Infertility is a significant health issue in the U.S. as well as globally. In addition to the large health and fiscal impacts of infertility, the inability to conceive can be devastating to individuals or couples. Research suggest that between 12% and 18% of couples struggle with infertility,[1] which may be caused by a wide variety of factors including genetic abnormalities, aging, acute and chronic diseases, treatments for certain conditions, behavioral factors, and exposure to environmental, occupational, and infectious hazards. However, many questions about infertility remain unanswered.

The Centers for Disease Control and Prevention (CDC) released the National Public Health Action Plan for the Detection, Prevention and Management of Infertility. This plan was created in consultation with many governmental and nongovernmental partners. NIOSH contributed to this Action Plan, specifically related to reducing exposures to occupational agents that can harm reproductive health and fertility in women and men.

Environmental and occupational hazards account for an unknown proportion of infertility cases, but are known to affect reproductive health and fertility in women and men, and suspected of causing declining human sperm quality in industrialized countries.[2], [3], [4] An evaluation conducted in developed countries in the 1980s by the World Health Organization (WHO) found that 37% of infertility cases were attributable to female factors, 8% were attributable to male factors, 35% of infertility cases were linked to both male and female factors, and 5% were due to unknown cause(s). The remaining 15% of women in this infertile population became pregnant.[5] Another evaluation conducted in 1988-1989 estimated that male factors account for the infertility in approximately 20% of the couples, with another 30-40% of cases attributable to reproductive abnormalities that were present in both partners.[6]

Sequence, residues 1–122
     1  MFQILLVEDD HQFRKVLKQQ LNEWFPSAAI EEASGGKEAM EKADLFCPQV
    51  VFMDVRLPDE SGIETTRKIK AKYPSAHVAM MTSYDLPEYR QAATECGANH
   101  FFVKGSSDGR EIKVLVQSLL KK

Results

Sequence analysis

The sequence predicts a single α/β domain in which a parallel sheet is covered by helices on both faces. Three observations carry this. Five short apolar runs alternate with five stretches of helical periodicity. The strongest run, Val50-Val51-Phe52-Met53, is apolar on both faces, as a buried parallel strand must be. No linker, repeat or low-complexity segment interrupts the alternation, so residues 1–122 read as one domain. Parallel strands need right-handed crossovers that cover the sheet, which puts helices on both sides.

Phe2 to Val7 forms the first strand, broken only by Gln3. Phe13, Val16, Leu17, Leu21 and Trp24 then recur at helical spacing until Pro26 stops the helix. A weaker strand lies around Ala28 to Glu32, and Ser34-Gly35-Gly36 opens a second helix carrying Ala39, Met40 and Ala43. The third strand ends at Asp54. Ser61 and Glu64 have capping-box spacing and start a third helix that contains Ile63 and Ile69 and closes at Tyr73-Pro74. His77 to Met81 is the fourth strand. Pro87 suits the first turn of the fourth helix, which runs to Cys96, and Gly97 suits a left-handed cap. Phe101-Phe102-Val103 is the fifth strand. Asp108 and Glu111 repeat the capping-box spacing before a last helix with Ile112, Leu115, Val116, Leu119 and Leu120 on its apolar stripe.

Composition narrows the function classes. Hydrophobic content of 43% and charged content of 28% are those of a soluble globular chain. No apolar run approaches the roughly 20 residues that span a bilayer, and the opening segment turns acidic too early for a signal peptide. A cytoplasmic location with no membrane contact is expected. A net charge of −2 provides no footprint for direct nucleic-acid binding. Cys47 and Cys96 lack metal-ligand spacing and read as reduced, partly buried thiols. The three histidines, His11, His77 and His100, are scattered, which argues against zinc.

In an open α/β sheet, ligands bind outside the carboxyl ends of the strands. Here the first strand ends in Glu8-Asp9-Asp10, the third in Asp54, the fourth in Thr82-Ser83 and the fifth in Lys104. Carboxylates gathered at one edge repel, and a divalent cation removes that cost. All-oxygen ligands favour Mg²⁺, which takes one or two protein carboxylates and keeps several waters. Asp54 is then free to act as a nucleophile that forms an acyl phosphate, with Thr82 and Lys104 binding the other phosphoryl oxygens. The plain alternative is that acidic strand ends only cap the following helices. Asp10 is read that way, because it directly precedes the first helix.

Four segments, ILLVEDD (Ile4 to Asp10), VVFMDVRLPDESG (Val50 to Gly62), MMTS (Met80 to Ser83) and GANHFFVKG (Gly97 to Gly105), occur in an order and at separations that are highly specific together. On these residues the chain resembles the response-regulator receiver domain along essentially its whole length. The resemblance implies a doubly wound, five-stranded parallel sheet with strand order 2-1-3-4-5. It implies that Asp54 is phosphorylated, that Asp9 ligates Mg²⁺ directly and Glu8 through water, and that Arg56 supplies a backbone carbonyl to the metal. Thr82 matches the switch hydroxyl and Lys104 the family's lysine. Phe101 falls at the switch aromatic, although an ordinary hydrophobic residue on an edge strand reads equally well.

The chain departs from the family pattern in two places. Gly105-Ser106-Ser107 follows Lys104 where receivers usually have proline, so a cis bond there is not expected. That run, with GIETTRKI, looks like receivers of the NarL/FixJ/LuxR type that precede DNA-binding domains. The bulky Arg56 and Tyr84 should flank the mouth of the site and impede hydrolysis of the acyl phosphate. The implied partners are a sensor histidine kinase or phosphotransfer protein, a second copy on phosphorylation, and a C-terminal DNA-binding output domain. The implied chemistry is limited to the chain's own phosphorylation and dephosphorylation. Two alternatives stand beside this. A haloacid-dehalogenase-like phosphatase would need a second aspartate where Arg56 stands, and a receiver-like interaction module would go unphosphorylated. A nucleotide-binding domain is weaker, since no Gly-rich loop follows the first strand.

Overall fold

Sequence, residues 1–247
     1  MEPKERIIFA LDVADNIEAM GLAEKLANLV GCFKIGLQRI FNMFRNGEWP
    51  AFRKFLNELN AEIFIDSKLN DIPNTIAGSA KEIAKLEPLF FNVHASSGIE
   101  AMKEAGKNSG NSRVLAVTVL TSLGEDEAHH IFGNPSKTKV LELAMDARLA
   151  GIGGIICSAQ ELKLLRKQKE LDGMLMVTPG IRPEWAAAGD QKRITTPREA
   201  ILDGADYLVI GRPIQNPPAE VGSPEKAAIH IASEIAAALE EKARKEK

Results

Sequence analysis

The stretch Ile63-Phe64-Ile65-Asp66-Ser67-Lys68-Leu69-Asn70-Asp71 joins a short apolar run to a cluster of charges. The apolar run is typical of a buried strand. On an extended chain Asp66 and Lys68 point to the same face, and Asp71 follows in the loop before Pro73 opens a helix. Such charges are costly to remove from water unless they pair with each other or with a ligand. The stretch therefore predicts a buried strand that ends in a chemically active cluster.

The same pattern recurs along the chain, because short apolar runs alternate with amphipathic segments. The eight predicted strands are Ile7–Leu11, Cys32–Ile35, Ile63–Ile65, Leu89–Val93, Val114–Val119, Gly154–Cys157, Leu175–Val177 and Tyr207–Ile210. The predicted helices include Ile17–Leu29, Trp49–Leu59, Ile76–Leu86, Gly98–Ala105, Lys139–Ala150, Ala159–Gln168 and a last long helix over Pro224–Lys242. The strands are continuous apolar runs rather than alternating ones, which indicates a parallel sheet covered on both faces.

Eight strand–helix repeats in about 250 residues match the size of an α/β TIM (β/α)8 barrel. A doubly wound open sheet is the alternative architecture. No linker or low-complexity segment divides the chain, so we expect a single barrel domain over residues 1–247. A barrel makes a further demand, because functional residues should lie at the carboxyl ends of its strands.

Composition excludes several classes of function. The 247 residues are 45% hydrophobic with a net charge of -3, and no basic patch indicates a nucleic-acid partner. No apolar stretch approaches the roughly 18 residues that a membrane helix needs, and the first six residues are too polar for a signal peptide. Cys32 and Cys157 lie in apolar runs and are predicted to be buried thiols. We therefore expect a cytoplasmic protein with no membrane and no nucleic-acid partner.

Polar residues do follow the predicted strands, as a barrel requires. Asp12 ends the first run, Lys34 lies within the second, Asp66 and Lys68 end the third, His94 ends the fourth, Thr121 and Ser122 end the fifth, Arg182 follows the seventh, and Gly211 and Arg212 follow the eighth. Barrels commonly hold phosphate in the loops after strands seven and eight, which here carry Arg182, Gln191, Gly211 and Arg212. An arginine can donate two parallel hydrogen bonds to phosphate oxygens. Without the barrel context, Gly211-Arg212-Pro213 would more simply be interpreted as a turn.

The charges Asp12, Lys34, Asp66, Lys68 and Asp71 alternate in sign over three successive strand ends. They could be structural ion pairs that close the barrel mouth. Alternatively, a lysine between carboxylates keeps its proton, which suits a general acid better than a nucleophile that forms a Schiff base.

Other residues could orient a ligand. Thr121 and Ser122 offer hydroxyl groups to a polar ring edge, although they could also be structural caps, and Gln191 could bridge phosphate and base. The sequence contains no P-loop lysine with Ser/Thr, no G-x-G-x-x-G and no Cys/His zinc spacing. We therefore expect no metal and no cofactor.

Although some occupational exposures have been shown to impair fertility (e.g., lead, some pesticides, and some solvents), the overall contribution of occupational exposures to male and female infertility is unknown. Less than 5% of all chemicals used in the U.S. have been tested, even in laboratory animals, to determine if they are toxic to reproductive health.

The CDC National Public Health Action Plan recommends that surveillance of possible risk factors for infertility should include data on:

  • sociodemographic characteristics (e.g., age, race/ethnicity, education, place of residence, socioeconomic status),
  • health behaviors (e.g., use of alcohol, tobacco, caffeine, illicit drugs, anabolic steroids), body weight and related factors, adherence to screening and treatment recommendations related to risk factors,
  • physical and mental health conditions (e.g., genetic disorders, STDs, obesity, depression, cancer),
  • environmental exposures (e.g., household chemicals),
  • occupational exposures (e.g., physical work practices , several solvents, several pesticides, some metals like lead, phthalates, bisphenol A) and
  • prenatal and intergenerational exposures (e.g., diethylstilbestrol and sleep).

The report also emphasizes here to read the rest of the post.